How People Plus GenAI Make A Great Combination

Organizations across industries are looking to simplify the discussion of how AI can be adopted and implemented for true operational efficiency gains. Early successes with machine learning and other forms of AI have accelerated the availability of Large Language Models (LLMs) and Generative AI (GenAI). With that, AI-driven digital workers – referred to as autonomous worker agents (AWAs) by Forrester and AI Digital Workers by WorkFusion – make possible multiple use cases only imagined until recently. The potential impact on operational efficiency is tremendous. 

Recently, Peter Cousins, CTO at WorkFusion, joined Craig Le Clair, Vice President and Principal Analyst at Forrester to discuss how the combination of people, LLMs and GenAI enables higher degrees of automation of internal processes and improved operational efficiency and effectiveness. They also discussed the risks of improperly using GenAI and how to avoid doing so. 

Here are some highlights from the conversation. 

How GenAI is being applied to automation 

Automations, until recently, have been run in a deterministic manner. That is, software drives an automated process in a step-by-step linear fashion whereby software code dictates what will happen. A good example of this is an RPA (robotic process automation) bot used in customer service. It imitates a typically human function based on the bot’s basic abilities to identify key words and deliver a ‘canned response’ based on those key words. Used this way, RPA bots focus on performing low-value operations that don’t require any thinking.   

Advancing up the automation value chain, GenAI moves beyond deterministic to non-deterministic automations. The latter is characterized by a GenAI-based automation having a broad context of the environment in which it is operating. “Suddenly, it is absorbing data from the running process and making decisions on it. Unlike an RPA bot, GenAI knows how to not get stuck if everything does not go as planned,” said Craig. “So, it really starts to look like something different, like your robot friend that you’re at work with.”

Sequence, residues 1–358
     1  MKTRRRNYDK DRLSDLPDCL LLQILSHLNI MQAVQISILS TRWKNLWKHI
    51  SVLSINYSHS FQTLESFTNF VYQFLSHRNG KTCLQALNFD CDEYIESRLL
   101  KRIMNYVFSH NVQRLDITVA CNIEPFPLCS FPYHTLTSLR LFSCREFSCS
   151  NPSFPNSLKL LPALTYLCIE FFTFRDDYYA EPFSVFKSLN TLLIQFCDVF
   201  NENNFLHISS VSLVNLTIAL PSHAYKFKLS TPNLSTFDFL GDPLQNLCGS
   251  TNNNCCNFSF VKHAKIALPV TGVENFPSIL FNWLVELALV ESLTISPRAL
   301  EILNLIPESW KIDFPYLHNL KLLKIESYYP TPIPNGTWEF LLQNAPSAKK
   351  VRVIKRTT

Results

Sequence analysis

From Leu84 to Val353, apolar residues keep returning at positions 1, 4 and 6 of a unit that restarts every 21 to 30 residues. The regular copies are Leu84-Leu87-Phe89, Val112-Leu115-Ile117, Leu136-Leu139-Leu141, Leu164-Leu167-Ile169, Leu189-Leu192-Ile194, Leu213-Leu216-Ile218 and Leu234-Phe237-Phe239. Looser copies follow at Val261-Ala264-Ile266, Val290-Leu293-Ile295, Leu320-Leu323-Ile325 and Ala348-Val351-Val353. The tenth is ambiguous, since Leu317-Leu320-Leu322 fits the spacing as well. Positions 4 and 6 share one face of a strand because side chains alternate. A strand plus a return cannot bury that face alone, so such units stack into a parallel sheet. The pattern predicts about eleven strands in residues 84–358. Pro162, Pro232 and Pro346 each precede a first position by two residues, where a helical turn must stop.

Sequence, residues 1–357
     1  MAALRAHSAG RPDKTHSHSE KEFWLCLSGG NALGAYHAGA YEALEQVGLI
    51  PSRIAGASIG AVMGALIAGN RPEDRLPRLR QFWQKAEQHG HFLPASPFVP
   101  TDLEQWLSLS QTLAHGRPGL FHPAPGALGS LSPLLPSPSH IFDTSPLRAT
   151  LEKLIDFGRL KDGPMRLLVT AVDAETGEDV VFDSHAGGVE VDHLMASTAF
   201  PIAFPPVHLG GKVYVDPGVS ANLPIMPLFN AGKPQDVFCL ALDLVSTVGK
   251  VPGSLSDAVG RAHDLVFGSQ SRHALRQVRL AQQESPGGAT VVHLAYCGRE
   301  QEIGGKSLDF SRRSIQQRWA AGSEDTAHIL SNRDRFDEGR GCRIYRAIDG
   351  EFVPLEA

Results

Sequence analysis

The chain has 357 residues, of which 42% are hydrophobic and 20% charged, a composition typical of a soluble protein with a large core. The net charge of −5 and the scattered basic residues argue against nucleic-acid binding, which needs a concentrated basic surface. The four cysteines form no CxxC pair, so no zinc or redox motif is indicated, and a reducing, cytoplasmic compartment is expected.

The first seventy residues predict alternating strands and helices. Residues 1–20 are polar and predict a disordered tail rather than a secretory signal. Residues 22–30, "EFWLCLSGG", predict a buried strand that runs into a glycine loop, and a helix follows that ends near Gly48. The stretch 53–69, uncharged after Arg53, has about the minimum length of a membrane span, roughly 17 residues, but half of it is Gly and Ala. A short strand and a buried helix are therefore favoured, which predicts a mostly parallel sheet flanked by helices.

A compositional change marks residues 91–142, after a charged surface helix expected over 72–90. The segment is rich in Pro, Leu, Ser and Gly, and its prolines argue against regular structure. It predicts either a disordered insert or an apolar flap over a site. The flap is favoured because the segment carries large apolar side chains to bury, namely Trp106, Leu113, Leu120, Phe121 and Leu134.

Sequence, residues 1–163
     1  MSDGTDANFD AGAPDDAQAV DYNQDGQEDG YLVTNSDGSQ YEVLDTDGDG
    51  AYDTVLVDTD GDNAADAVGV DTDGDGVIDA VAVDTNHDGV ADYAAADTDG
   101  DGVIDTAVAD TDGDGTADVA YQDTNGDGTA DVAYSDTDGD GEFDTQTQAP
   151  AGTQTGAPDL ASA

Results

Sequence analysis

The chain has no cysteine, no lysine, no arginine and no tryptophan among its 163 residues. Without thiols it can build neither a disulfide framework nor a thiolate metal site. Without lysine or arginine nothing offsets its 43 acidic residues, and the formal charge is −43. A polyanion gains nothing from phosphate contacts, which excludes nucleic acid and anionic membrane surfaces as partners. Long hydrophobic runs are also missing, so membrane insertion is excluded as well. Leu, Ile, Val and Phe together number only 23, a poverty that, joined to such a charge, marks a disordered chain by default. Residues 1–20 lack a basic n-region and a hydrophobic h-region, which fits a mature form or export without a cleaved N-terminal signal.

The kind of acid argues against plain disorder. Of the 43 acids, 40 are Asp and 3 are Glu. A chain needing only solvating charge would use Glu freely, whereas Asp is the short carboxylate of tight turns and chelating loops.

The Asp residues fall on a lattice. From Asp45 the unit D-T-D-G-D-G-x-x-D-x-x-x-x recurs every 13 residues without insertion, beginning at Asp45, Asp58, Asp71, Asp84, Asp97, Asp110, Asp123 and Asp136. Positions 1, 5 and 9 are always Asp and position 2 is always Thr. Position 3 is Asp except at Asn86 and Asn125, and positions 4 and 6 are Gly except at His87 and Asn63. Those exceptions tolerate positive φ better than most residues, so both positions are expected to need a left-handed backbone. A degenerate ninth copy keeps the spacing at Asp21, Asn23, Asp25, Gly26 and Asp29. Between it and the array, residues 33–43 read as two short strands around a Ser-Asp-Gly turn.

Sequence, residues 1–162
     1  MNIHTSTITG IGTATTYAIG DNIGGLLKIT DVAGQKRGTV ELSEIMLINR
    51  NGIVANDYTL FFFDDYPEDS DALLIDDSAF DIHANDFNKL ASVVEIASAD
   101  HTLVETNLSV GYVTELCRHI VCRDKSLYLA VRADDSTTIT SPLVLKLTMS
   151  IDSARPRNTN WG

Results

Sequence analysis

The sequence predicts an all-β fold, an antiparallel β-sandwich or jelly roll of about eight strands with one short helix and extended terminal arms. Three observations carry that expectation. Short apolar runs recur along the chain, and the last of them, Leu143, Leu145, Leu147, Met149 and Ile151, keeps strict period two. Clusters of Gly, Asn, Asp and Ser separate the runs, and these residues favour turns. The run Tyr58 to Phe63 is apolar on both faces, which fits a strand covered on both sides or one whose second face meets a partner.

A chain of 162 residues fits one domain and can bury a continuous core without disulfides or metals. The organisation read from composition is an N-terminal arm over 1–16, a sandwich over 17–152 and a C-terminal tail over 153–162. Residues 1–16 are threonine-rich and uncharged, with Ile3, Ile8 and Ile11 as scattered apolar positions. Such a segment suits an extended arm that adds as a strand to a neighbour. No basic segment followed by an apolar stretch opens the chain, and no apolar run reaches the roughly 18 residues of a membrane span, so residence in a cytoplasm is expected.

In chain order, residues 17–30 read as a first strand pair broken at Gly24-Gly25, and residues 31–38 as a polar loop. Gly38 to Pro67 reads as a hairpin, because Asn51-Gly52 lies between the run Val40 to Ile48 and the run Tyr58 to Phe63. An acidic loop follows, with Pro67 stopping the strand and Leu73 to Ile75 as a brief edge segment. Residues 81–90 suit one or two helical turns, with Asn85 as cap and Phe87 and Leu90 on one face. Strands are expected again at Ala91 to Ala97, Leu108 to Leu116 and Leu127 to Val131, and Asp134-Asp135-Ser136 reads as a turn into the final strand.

How GenAI is changing the customer experience 

Peter and Craig used the example of customer service agent support to demonstrate the impact of GenAI. They pointed out that, in most regulated environments, organizations have to capture and archive conversations with customers. “So why not take that conversation and have natural language processing make it machine readable?” asked Peter rhetorically. Answering his own question, he said it’s because you can put that conversation into an LLM and obtain a really nice summary of what was discussed. Then, using an RPA bot, that information gets input into an environment which the next agent can access. “So, all of a sudden, you advance from traditionally having a few cryptic notes to an LLM-summarized conversation that’s giving much better context.” In this way, the customer experience is vastly improved, and the workload has been reduced for agents.  

Another benefit of GenAI on the customer experience highlighted by Peter and Craig relates to the tone used by an organization when communicating with customers. They discussed the use case of receiving and responding to incoming customer emails. 

Unlike deterministic automation in which response bots often fail (or don’t attempt) to understand sentiment, GenAI enables both understanding of the sentiment and responding to it appropriately. No customer enjoys an ultra-happy robotic reply to an angry email, but that is what they often receive from menu-driven customer service bots. Using GenAI, an automated email system would understand the customer’s tone and sentiment, then reply with a custom response that takes into account the customer’s likely mood and desire for a certain, acceptable response tone.